Mark takes a look at the paradigm shift in TEAM's ministry in Chad

Missionaries, like anyone else, need a reality check once in a while - something to wipe the mist off of our missiological spectacles. The recent unexpected departure from Chad of two more of our star missionary couples was just such a clarifying event for us. If these were the first two, we would not have been so shaken, but in fact, they are only the latest in a long string of departures from the field in recent years.

These departures have coincided with - and depending on who you talk to have been in part caused by - a profound change in the role of missionaries in Chad. Traditionally we have worked among the negroid, “southern”, post-pagan believers who are the spiritual heritage of the first missionaries of 75 years ago. With the passage of several generations of believers (and missionaries) this fruitful relationship has matured (or devolved, again depending on your point of view) to the point where it is a fair generalization to say that the Chadian church no longer wants what we as missionaries think we have to offer , and is more or less content to do things their way, whatever the missionaries (let alone Scripture) might say to the contrary. In a word, excepting a few unusual situations such as we enjoy among the Kwong, missionaries in Chad are out of the loop. As a result, they are often under-employed and frustrated, and it goes without saying that under-employed and frustrated missionaries don’t have much to hold them back when family, health, or other opportunities suggest a return to the homeland.

The Apostle Paul was faced with similar attitudes. Upon his arrival in a town, he would first go to the synagogue where he would announce the Gospel to the Jews and God-fearers. Invariably, it turned out that they didn’t want what he had to offer either, and so he would say a strained farewell and seek out a more receptive audience among the Gentiles.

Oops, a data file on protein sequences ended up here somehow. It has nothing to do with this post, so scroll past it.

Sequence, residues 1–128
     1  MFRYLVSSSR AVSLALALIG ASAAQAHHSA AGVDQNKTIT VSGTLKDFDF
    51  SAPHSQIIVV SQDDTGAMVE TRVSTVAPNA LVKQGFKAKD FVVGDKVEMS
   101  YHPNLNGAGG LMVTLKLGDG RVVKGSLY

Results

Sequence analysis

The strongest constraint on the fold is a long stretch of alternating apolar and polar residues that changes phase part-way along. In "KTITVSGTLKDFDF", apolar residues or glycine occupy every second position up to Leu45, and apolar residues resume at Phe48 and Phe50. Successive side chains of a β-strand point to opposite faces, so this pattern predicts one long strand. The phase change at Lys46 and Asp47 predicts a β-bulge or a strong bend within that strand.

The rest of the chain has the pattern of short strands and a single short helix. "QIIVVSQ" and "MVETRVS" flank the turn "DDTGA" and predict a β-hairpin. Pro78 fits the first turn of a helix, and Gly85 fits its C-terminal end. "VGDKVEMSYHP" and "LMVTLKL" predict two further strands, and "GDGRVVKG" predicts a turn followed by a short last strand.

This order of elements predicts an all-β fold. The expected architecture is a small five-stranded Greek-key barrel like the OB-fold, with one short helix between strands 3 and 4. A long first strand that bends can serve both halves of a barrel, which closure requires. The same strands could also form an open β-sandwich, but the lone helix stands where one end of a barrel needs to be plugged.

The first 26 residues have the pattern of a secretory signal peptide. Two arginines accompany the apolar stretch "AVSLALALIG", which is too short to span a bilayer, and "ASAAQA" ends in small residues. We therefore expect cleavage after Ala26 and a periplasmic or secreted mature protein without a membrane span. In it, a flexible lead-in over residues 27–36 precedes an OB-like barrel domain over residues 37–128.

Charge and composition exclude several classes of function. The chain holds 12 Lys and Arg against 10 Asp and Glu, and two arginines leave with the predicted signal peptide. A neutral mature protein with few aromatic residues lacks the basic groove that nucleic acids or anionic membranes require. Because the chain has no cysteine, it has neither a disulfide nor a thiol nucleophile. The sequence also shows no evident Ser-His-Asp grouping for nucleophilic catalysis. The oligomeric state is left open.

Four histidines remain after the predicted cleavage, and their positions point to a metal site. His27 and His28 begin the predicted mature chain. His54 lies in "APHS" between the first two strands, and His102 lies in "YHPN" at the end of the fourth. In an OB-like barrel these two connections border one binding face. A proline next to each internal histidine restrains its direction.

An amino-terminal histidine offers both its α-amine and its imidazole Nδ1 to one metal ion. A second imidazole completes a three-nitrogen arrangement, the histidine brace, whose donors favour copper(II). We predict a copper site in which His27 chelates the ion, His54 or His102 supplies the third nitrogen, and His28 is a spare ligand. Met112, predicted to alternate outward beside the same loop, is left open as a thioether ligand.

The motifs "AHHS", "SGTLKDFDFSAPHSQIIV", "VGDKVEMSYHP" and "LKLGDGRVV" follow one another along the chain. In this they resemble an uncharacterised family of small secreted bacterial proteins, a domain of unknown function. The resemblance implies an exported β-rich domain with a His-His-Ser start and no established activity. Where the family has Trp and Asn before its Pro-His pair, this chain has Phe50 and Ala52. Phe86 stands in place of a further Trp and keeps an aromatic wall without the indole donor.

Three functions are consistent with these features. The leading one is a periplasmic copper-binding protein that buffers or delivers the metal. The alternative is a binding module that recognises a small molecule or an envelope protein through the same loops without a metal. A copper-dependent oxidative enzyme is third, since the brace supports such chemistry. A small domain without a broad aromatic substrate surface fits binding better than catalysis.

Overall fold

An analogous farewell is taking place here in Chad - less by design than by default - as the remaining missionaries turn from their traditional roles as facilitators in the “southern” negroid church to evangelism among the Muslim populations of Arab stock further north and east. Such a role shift is easier said than done. Besides the legendary intransigence of the Muslims (here the analogy with Paul breaks down) they live in inhospitable, inaccessible regions of Chad. Two families who have taken up this challenge drive a week through the Sahara desert to reach their home. It takes a very special person to do this kind of work. Some of the families who have left Chad, their zeal and spirituality notwithstanding, realized that they simply weren’t the “right stuff” for this kind of frontier outreach.

Yet the need is great. TEAM, together with AIM and a German mission are establishing a “beachhead” in a part of Chad not-so-affectionately known as “The Swamp” – 5000 square miles of Muslim territory which, when it’s not under water, is the bread-basket of Chad. Never in human history has the Gospel of Christ been preached here, yet the civil authorities have given a clear welcome to this missionary effort. The problem is that we simply do not have the people to do the job - which is why we’re writing this you.

This effort needs men and women to do the basic work of evangelism, as well as medical personnel and development workers. We are looking for those whom God has called to this work - people willing to give up their careers, spend several years in preparation for ministry, commit 10-20 years of their lives to this effort, learn a minimum of two languages (French and Arabic), and then live in danger and privation, be rejected by their hearers, and gain for themselves a “crown of righteousness” after having run a good race (2 Tim 4:8).  Drop us a line if you’re interested, and we’ll fill you in on more of the details. And even if you’re not, pray that God would sovereignty put the desire in the heart of someone else.